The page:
I am a medical technologist/microbiologist. You might want to try it for a
while before ruling out getting your certification. Depending on where you
work and the amount of supervision required, you probably will be limited on
the activities you can perform independently in the laboratory. Simply
setting up cultures will probably become boring after a while. Most of the
higher complexity testing, such as interpretation of cultures and
identification of etiological agents or the "fun stuff" requires that you
become a registered technologist due to CLIA guidelines, etc. Internship
programs vary -- in our area you could enter the MT program with the degree
you have and become eligible to sit for the registry in one year's time.
And the upside, you will then start out at about $10,000 more annual
income. Personally, I find it's a great job. You can do any number of
things (with the certification) -- hospital laboratories, industrial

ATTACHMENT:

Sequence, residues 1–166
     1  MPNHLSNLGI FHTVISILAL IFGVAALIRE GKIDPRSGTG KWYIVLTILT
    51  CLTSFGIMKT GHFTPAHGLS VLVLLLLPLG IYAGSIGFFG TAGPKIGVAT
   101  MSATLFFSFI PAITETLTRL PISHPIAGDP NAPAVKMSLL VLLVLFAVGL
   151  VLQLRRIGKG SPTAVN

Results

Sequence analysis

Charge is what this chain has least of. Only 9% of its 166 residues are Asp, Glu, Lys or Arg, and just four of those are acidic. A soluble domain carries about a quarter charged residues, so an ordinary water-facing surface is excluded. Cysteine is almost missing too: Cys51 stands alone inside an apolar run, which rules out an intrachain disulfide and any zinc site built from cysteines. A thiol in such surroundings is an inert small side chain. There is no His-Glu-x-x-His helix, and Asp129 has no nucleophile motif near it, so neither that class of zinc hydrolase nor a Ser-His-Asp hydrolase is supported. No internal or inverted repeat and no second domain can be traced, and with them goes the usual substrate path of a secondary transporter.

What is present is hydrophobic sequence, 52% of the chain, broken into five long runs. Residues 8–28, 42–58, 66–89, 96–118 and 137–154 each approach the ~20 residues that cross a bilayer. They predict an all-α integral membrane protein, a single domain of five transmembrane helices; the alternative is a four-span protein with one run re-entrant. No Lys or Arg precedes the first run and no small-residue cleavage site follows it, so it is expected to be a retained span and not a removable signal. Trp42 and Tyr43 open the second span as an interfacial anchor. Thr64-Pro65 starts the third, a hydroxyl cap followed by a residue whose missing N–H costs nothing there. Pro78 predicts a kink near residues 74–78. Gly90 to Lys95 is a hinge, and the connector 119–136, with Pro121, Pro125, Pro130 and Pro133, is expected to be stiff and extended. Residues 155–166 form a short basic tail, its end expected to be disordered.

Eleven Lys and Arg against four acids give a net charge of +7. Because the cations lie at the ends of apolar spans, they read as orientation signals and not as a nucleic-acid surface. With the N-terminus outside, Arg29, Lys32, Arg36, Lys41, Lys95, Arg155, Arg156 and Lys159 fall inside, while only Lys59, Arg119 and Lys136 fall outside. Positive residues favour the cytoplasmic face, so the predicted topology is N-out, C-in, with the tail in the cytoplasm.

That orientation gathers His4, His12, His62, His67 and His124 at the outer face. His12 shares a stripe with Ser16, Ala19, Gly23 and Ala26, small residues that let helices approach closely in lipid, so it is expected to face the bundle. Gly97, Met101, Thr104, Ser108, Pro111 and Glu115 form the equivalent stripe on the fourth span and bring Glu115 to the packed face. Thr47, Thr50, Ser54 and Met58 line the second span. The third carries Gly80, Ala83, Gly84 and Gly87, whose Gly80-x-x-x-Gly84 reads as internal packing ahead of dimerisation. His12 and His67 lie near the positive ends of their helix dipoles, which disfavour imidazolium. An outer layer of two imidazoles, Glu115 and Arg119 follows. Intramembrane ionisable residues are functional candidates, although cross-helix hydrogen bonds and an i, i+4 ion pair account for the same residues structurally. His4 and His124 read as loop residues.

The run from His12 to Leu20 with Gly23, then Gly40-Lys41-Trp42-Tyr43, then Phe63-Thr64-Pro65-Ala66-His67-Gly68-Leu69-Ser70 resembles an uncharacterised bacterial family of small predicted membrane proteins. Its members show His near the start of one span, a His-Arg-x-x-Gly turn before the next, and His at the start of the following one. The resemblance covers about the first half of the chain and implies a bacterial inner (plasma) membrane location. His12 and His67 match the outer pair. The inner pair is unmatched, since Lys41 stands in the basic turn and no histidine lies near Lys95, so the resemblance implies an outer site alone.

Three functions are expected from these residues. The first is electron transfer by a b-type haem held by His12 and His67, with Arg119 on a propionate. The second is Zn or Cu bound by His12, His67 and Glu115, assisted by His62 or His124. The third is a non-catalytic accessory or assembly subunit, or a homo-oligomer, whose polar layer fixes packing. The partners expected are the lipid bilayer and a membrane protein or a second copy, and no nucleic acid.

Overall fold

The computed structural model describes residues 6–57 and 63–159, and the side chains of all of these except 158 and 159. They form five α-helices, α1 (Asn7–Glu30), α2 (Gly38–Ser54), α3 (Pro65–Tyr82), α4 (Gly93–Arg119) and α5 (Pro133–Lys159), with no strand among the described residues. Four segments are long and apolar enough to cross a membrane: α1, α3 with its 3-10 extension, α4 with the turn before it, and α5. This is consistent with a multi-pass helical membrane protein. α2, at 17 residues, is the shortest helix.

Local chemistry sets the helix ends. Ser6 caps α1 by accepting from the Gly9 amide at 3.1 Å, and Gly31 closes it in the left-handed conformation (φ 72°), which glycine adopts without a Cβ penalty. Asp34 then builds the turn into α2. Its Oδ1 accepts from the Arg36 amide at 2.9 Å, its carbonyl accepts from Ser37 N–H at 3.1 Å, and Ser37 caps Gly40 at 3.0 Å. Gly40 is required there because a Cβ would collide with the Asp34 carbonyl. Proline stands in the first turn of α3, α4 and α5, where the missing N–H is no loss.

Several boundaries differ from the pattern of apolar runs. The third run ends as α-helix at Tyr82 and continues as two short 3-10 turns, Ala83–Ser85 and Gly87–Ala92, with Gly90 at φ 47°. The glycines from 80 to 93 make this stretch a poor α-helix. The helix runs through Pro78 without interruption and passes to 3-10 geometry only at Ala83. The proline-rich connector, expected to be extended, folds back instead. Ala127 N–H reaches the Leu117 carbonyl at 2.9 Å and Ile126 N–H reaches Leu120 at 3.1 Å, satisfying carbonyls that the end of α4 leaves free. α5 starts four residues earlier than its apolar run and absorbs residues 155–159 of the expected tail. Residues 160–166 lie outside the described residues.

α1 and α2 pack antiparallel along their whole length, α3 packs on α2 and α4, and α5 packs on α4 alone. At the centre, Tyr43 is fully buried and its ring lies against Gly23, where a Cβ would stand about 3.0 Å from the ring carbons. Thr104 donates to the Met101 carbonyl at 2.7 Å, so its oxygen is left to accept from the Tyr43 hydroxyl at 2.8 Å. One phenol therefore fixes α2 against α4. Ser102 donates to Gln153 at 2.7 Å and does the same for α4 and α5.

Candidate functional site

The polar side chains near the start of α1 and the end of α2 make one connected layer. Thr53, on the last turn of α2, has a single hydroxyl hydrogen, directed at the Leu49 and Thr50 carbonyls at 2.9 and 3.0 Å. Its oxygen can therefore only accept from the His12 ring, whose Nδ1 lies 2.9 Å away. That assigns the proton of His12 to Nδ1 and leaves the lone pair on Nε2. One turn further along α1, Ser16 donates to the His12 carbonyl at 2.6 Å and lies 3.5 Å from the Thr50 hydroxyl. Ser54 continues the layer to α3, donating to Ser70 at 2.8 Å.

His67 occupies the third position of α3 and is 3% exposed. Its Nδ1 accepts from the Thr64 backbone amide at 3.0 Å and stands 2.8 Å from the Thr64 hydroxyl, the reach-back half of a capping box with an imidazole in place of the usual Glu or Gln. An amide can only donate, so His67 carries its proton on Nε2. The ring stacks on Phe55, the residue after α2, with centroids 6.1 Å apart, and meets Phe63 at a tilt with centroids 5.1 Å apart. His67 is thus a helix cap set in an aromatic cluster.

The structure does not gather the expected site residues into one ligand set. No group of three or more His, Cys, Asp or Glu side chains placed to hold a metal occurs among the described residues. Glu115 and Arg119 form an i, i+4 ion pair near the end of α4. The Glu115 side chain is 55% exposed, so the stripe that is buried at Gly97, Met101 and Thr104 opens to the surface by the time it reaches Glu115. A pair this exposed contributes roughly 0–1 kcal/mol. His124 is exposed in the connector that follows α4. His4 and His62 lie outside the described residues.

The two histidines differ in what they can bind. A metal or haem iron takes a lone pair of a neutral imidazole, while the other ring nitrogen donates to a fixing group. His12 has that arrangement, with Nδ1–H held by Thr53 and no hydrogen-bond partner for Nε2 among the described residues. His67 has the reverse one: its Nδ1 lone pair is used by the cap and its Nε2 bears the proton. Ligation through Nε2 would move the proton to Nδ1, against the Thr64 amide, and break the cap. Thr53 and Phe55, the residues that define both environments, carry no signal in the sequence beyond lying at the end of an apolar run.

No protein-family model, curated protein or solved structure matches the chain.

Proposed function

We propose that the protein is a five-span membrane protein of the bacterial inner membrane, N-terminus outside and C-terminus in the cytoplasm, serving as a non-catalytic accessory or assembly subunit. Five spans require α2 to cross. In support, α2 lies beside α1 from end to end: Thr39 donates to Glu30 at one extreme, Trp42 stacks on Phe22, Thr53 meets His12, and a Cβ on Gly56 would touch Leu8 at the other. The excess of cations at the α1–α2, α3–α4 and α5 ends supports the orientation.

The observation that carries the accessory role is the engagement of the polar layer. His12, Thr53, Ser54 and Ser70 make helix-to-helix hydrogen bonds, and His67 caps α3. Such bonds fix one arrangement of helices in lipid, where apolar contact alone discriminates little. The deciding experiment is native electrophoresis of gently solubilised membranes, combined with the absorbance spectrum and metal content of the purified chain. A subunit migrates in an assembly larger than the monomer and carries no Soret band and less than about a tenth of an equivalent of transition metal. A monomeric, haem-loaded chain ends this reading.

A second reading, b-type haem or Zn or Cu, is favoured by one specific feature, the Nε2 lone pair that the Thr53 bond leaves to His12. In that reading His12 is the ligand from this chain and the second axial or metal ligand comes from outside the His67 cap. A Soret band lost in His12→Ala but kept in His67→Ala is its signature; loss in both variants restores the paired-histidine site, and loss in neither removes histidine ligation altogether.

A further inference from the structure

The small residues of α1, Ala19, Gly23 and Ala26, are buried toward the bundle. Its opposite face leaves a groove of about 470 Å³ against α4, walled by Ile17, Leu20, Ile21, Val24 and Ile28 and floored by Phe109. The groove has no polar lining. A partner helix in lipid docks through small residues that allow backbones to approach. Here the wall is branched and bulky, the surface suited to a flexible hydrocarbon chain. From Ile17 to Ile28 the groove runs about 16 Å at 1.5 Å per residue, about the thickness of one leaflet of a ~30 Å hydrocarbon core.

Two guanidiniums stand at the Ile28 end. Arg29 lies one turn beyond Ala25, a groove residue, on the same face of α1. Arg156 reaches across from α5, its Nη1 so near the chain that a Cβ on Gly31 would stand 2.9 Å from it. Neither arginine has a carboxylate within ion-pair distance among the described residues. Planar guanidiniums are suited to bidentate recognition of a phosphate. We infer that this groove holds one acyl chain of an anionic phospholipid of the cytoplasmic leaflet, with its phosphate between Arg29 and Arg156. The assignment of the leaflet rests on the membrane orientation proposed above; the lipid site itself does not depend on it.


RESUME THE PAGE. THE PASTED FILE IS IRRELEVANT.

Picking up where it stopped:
laboratories, infection control, pharmaceutical companies, university
laboratories, manufacturing facilities, sales or customer support for large
instrument suppliers and scientific suppliers, and on and on....Anyway, good
luck with the job.
Fred & Rachel Brusseau wrote:
> I don't know if anyone remembers, but I posted here a couple months ago
> wondering about what kinds of jobs that people with a BA in General
> Biology can get. Well....I have my 2nd interview tomorrow for a
> microbiologist position at a local hospital (my friend who works there
> says they are going to hire me). My job would mainly be inoculating
> plates, and running some lab equipment ... but I'm still really excited.
> Does anyone think a job like this could lead anywhere? I think most of
> the other people who work in the department are MT's, and I'm not ready
> to commit to another 1 1/2 years of school to get that certification.
> The job pays about $22,000 a year. Anyone in a similar field have any
>> rachel brusseau